Todd Seavey: Future Shock vs. Rationalia
With the singularity perhaps upon us any year now, and some combination of Google and the NSA likely to be in charge of it all, who but an egomaniacal authoritarian would still dare to play the long-term advice game? It may be revealing, then, that Trump advisor Newt Gingrich enjoys telling Americans what the path to the future will be, from computers to moonbases, and regards futurist Alvin Toffler, who passed away Monday, as one of his mentors. Toffler was already writing about the psychological difficulty of coping with Future Shock, in the book he co-authored by that title, way back around the time I was born (he was coping with the future way back in the past).
Similarly far-seeing, in theory, Neil deGrasse Tyson tweets that we should look forward to the day when politics is primarily based on scientific evidence, creating a virtual land he calls #Rationalia (which will probably be a book pitch shortly). Critics roundly denounced his oversimplification and hubris. I’ve written comic books, a sci-fi short story, and articles on the virtue of science-based skepticism—but still know that the futurists and science buffs can be as wrong as anyone else.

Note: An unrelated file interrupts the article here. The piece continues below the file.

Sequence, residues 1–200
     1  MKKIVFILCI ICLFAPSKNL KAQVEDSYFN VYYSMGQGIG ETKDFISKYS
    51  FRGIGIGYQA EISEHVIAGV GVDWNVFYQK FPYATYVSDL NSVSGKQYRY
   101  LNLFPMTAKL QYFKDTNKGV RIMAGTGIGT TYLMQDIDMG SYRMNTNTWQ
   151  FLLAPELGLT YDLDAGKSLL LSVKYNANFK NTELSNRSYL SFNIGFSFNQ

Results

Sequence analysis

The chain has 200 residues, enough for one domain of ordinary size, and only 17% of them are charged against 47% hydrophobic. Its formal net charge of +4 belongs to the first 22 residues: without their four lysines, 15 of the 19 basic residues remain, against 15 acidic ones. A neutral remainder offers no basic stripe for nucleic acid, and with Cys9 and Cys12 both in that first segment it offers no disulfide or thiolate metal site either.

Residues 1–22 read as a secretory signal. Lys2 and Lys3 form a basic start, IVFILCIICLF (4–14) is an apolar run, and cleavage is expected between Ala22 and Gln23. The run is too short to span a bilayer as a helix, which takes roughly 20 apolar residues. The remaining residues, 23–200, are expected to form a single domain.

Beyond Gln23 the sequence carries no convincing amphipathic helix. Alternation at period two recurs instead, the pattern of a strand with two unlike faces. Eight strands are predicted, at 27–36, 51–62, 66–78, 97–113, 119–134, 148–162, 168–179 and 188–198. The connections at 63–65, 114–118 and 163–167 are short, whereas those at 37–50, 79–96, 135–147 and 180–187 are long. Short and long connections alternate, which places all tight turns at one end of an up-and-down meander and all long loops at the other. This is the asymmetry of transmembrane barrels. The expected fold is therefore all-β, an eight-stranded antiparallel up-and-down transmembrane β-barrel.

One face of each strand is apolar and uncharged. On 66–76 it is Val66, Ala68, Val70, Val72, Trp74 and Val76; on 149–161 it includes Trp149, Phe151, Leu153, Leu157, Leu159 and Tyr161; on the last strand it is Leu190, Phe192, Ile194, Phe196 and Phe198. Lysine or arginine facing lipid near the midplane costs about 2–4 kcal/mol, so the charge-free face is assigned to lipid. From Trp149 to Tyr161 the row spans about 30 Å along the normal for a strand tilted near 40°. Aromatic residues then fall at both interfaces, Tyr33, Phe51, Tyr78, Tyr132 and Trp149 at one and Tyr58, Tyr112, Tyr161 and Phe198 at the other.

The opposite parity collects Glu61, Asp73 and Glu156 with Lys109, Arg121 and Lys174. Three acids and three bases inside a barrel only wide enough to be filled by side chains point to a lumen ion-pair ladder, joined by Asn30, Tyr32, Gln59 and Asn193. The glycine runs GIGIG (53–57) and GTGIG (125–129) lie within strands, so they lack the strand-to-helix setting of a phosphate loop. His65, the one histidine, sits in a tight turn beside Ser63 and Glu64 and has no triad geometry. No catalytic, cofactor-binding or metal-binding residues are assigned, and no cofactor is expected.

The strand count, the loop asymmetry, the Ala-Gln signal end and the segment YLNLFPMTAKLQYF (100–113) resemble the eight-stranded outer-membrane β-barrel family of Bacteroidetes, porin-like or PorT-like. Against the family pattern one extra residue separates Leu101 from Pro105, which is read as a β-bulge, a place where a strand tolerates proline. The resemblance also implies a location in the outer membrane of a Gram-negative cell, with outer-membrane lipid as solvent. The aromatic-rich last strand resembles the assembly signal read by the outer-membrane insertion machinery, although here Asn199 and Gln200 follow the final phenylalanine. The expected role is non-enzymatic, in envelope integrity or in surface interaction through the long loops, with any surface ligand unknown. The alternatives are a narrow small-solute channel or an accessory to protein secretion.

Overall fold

The attempt to gaze into tomorrow should make them humbler, not imagine themselves prophets. The present is weird enough. If the future is an alien and baffling time, then I feel as though I’m already living in the future. My childhood philosophical allegiances, by contrast, were simple enough—in retrospect probably forged largely by cop and adventure shows, their core lesson being that if bad guys try to break into the house, you should be permitted to shoot at them. To this day, I tend to think anyone who disagrees with that very basic ground rule is probably a ghoul. You can see how my libertarian tendencies would flow easily from that foundation.